Yes we already agree that there was NO dots.  Arguably more important than the written manuscript is the oral transmission or at least the reading of the manuscript. The recited words is what counts. Because its the words that are spoken that have a vocabulary definition and not necessarily the manuscript.

The Quran can also be recited using transliteration words these days. For example one can write the word in question like this:

1. La yaqrabu
2. La yakrabu

Whether you read it from 1 or 2 the word is the same and sounds same Because the way it is pronouced is what counts especially in Arabic. There is no 2 words that sound exactly the same but have different meaning. A word  will have nuances depending on the way it is spoken. But the word remains the word.

As belivers we know God has been the One guarding the Quran from corruption. This mean all the words recited today are the same way prophet recited them.

The author does implicitly seem to agree that the word "la yaqrabu" does mean what it is well attested to mean. So he is not changing the meaning of a well attested word. He is changing a well established recited word in a way that changes and alters the meaning if you switch the "ya" to a "ta"

In my humble opinion he is therefore saying is that the Quran all this time has been recited incorrectly and has not been guarded from corruption which is not acceptable in light of verse 15:9

015.009 “We have, without doubt, sent down the Message; and We will assuredly guard it (from corruption)”


Peace

Offline Amira

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Perhaps I should remind members of this forum that the owner of the site referenced (Sam Gerrans) is a conspiracy theorist, believes the moon landings are fake, and in general has some nonsensical views. I would not take anything from his website, Quran-related or otherwise, as fact.
“Narrated Buraydah ibn al-Hasib: I heard the Apostle of Allah say: In eloquence there is magic, in knowledge ignorance, and in poetry wisdom”

“Historically, what is or isn’t mainstream (in Islam) has always been a function of power, not of truth.” (Iyad El-Baghdadi, Arab Spring activist)

Offline Hamzeh

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Asalamu 3alykum

Thank you sister Amira for the heads up.

Thanks for sharing this argument brother Athman.

Quote
Apart from the specific term contended by the author, ‘yaqrabu,’ the author fails to see that he also has to apocopate the ‘him’ in ‘a’mihim,’ (year of theirs) the 7th term in precedence from ‘yaqrabu’ in that verse, to ‘kum’ for ‘a’mikum’ (year of yours). That is, ‘do not approach Masjidul haram after this year of yours.’ Rather, since ‘a’mihim’ addresses ‘them’ - idolators, (this is ‘their’ last year) the preceding verb ought to still be addressing them - they should not approach (fala yaqrabu) (...) after this year of theirs (ba'da 'amihim), 9:28 - this is their last year.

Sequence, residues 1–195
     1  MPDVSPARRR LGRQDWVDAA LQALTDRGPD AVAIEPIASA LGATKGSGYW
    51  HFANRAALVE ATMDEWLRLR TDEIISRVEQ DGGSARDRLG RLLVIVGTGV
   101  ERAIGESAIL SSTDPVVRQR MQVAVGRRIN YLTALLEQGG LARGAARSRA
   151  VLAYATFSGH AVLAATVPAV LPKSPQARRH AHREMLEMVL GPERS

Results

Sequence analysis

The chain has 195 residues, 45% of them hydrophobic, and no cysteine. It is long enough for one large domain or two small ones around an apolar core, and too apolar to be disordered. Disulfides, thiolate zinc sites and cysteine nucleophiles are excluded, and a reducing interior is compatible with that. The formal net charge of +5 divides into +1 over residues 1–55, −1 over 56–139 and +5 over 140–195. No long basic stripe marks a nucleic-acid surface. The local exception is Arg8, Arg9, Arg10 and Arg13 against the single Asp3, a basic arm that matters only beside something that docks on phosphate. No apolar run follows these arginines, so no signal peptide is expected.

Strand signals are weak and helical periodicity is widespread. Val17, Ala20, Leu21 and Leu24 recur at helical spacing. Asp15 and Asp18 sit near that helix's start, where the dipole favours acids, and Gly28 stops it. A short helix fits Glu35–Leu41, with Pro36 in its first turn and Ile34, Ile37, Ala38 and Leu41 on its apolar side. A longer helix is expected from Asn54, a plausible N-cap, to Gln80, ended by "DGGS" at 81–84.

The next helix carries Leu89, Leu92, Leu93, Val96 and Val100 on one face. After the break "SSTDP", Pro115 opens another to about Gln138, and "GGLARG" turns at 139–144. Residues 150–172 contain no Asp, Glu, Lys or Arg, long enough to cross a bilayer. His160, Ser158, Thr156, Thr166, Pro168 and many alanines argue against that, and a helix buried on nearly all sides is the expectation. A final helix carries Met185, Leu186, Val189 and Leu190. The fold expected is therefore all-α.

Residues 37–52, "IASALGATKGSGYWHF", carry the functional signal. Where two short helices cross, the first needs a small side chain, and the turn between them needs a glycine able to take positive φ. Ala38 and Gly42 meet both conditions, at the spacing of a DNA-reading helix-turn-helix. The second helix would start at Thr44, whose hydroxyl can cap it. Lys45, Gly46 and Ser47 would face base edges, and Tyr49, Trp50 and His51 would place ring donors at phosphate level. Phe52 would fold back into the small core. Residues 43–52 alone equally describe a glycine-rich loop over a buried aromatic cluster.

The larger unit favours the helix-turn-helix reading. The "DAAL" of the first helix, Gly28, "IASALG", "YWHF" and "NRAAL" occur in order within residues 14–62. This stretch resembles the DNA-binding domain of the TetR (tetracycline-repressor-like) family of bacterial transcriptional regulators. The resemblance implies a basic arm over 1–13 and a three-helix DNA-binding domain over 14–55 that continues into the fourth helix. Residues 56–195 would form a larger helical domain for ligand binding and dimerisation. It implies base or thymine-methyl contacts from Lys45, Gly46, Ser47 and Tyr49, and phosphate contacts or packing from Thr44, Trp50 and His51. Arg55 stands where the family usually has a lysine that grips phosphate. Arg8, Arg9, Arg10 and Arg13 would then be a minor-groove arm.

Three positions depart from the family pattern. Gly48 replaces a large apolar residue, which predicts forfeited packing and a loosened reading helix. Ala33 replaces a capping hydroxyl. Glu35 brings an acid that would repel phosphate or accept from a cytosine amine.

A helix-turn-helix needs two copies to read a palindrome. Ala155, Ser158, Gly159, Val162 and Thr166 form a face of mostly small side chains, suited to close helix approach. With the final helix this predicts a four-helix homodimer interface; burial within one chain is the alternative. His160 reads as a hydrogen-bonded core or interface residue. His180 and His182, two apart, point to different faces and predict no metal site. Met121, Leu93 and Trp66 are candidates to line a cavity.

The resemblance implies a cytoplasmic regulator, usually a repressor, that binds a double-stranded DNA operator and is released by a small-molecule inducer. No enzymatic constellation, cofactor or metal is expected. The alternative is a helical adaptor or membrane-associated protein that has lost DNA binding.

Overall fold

Salam

Offline niaz

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Salaamun 'alaikum,

Yes, Duster nailed it ... that the Quran was transmitted in parallel as an ORAL transmission. When Muhammad recited the Quran, he would either have done it either always as 'la yaqrabu' or as 'la taqrabu', and not arbitrarily choosing every time; even though the letters would have looked the same in the "unadorned text". If one claims that all ya's and ta's are arbitrarily interchangeable since diacritical points are not "intrinsic to the original unadorned text", then the Quran will not make any sense. The numerical structure of the Quran also confirms that ya's and ta's are definite and distinct - there are 2 suras with the letter 'ya' as an initial, the 19th sura Maryam [kaf ha ya 'ayn saad], and the 19th initialed sura (sura 36)  [ya seen]; whose initial counts are 798 = 19x42 and 285 = 19x15 respectively. We can't arbitrarily read it as 'ya seen' or 'ta seen'.

Peace.

Offline salam

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Thank you all for your responses.  :)

Offline Wakas

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    • What does The Quran really say?
peace,

Apart from the specific term contended by the author, ‘yaqrabu,’ the author fails to see that he also has to apocopate the ‘him’ in ‘a’mihim,’ (year of theirs) the 7th term in precedence from ‘yaqrabu’ in that verse, to ‘kum’ for ‘a’mikum’ (year of yours). That is, ‘do not approach Masjidul haram after this year of yours.’ Rather, since ‘a’mihim’ addresses ‘them’ - idolators, (this is ‘their’ last year) the preceding verb ought to still be addressing them - they should not approach (fala yaqrabu) (...) after this year of theirs (ba'da 'amihim), 9:28 - this is their last year.


This is the important observation. Raised by me also.